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Facts About Covid Vaccines – HealthyWomen

By Published On: April 11, 20243.8 min readViews: 1800 Comments on Facts About Covid Vaccines – HealthyWomen
The world of Covid vaccines has certainly changed since the initial pandemic days of people waiting in long lines to get vaccinated.

Today, there are several different Covid vaccines to choose from. Two are mRNA vaccines (Pfizer-BioNTech, Moderna) and one is a protein-based vaccine (Novavax). And if you’re confused about what’s available and when you should get it, you’re not alone.

There are currently three 2023–2024 updated Covid vaccines, and which ones you can receive depends on your age and previous vaccination status. Here are the latest recommendations from the Centers for Disease Control and Prevention (CDC) to help you decide which vaccines you and your loved ones should consider.

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1. Everyone 5 years and older should get at least one dose of an updated Covid vaccine to be up to date

  • Children ages 5–11 who are either unvaccinated or had a Covid vaccine before September 12, 2023, should receive one updated Pfizer-BioNTech or Moderna Covid vaccine.
  • Anyone 12 years and older who is unvaccinated should receive either one dose of the updated Pfizer-BioNTech or updated Moderna vaccine or two doses of the updated Novavax vaccine.
  • Anyone 12 years and older who had any vaccine before September 12, 2023, should get one dose of any of the three updated vaccines.

2. Babies and young children have different recommendations

Children from 6 months through 4 years can receive the Pfizer-BioNTech or Moderna vaccines. If they’ve never been vaccinated, they will need two or three doses, depending on the vaccine. If they received a previous vaccine, they will need one or two doses based on the first vaccine. There is currently no Covid vaccine approved for children younger than 6 months.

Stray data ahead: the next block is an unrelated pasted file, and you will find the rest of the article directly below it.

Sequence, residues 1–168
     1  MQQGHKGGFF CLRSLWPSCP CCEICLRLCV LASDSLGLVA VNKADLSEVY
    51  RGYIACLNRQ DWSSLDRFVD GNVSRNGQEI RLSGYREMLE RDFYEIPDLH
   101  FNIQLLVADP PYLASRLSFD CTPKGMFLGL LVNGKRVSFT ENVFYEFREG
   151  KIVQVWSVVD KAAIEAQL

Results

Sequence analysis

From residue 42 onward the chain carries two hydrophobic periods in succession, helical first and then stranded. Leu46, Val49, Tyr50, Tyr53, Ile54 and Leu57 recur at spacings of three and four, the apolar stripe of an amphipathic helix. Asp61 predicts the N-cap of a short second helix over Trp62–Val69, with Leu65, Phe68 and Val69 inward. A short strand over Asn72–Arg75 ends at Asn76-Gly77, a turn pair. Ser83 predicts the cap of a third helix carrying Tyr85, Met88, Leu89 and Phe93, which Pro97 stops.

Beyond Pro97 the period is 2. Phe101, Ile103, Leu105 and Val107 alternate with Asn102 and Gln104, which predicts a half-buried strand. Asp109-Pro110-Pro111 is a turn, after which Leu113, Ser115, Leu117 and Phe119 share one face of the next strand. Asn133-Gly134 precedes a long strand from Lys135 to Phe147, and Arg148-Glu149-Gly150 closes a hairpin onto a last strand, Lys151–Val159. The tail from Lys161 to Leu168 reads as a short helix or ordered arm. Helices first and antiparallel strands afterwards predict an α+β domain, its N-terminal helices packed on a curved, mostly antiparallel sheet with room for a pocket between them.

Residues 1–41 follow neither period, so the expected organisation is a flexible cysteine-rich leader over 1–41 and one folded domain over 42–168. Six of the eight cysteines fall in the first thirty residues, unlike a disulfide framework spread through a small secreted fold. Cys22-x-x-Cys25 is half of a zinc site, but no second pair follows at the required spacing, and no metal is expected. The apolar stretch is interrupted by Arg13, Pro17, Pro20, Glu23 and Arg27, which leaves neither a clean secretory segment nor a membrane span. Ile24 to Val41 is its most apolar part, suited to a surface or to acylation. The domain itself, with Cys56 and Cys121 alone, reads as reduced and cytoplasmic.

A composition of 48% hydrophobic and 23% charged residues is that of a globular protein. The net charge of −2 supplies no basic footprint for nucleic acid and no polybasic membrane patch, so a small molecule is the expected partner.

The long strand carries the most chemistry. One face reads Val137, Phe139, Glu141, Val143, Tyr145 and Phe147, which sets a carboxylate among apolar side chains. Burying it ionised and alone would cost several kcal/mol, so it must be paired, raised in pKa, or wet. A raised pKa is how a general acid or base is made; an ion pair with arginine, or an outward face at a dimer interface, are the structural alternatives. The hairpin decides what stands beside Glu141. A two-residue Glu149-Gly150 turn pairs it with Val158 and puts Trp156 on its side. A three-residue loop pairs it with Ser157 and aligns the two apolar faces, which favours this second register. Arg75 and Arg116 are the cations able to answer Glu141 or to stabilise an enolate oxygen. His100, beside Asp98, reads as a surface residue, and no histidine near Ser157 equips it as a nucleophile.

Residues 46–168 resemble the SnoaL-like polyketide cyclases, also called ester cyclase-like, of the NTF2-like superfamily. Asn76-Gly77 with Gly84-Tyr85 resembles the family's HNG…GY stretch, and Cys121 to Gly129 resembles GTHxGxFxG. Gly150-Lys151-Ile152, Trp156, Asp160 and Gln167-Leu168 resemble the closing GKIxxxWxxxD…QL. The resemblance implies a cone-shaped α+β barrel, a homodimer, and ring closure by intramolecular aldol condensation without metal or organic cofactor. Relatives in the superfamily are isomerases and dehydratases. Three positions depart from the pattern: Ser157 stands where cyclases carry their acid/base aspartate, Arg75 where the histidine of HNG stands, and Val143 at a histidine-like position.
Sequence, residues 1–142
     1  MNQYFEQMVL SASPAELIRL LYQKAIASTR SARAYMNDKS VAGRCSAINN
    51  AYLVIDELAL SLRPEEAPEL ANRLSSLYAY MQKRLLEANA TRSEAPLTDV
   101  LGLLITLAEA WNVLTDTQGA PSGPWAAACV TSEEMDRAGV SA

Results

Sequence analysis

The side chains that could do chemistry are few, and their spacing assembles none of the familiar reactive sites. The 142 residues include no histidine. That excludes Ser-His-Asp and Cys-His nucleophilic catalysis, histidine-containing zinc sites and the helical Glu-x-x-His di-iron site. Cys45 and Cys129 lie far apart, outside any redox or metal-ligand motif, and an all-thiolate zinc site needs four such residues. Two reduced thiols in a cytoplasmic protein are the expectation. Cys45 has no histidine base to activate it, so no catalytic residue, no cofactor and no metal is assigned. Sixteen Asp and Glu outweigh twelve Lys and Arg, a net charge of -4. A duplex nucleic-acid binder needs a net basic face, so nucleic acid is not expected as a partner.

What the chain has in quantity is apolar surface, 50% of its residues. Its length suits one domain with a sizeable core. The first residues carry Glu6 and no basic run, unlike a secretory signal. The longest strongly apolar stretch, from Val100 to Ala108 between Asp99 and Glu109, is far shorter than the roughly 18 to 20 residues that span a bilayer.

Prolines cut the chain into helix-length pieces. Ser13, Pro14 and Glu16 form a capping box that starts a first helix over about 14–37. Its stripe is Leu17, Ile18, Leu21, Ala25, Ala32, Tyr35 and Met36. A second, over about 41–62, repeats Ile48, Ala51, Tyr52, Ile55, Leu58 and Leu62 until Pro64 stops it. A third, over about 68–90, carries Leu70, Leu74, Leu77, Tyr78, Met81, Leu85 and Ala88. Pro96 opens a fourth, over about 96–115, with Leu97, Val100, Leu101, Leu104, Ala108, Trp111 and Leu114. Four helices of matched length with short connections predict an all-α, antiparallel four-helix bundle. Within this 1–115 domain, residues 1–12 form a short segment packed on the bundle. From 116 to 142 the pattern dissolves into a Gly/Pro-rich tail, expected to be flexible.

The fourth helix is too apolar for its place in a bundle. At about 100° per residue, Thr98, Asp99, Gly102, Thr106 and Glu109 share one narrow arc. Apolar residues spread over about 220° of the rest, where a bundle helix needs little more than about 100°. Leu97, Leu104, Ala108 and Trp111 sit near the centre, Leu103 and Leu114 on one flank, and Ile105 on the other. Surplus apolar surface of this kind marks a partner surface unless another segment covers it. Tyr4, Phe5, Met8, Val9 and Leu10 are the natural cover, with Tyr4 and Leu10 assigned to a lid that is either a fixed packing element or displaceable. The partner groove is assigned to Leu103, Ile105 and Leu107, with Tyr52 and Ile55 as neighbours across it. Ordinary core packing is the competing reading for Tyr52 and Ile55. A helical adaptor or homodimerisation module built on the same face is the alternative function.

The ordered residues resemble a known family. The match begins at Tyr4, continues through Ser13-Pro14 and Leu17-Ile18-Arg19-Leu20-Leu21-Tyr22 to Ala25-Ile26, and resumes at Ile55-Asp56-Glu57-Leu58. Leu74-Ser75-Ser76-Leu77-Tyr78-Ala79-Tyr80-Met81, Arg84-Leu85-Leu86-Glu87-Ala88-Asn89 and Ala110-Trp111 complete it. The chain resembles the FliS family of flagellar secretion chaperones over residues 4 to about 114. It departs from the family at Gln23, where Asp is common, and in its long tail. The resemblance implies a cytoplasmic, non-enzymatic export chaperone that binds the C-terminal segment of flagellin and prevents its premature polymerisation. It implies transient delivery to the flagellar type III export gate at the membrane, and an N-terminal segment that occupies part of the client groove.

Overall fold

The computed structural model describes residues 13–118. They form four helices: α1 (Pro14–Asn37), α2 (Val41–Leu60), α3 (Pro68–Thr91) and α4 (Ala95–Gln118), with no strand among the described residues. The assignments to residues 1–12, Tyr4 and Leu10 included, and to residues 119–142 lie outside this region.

3. You can mix Covid vaccines

Your next shot doesn’t have to be the same brand or the same type as your last one. That means if you’ve already been vaccinated with an mRNA vaccine (Pfizer-BioNTech and Moderna), you can get a protein-based vaccine (Novavax) for your next shot and vice versa.

Read: Understanding the Different Types of Covid-19 Vaccines >>

4. Yes, you can get the Covid, RSV and flu vaccines all at the same time

If you are eligible to receive the Covid, RSV and flu vaccines, it is safe to get them all at one time, although each shot is given individually.

5. You should still get vaccinated even if you’ve had Covid before

If you’ve had a confirmed case of Covid, you should still get an updated vaccine to help protect yourself against the virus. Research shows that people who didn’t get an updated vaccine after recovering from Covid were more likely to get Covid again compared to people who did get a vaccine after recovering from Covid.

You don’t have to wait a certain amount of time to get the vaccine after getting Covid, but the CDC notes that if you prefer, you can wait three months after your infection before getting vaccinated because you may have some immunity for that length of time from having had the virus. People who have had a confirmed case of multisystem inflammatory syndrome (MIS) should wait 90 days following diagnosis to get the vaccine.

6. Covid mRNA vaccines cannot alter human DNA

There are two types of Covid vaccines: protein-based vaccines and mRNA vaccines. The protein-based vaccine (Novavax) uses a small harmless piece of the virus to help your immune system recognize and fight the virus. The mRNA vaccines (Pfizer-BioNTech and Moderna) use messenger RNA, a small particle that teaches cells to make a piece of the vaccine, to offer protection against the virus.

Neither type of vaccine can change your DNA because neither can get into the nucleus of a cell, where DNA is stored. Also, the messenger RNA is not stored in your body. The mRNA vaccine does its job by giving your immune system instructions, and then it breaks down and disappears.

Get information about Covid vaccines from trusted sources

When it comes to Covid, there’s a lot of information and misinformation out there. You deserve to have your questions answered and your concerns addressed by reliable sources you can trust.

If you can, start by talking to a healthcare provider (HCP) about any questions or concerns you may have. And if you’re responsible for a loved one’s care and they have questions, hear them out and share resources with them to help them make a decision with you.

You can get reliable information from official sources for health information, like the CDC and the World Health Organization (WHO).

This educational resource was created with support from Novavax.

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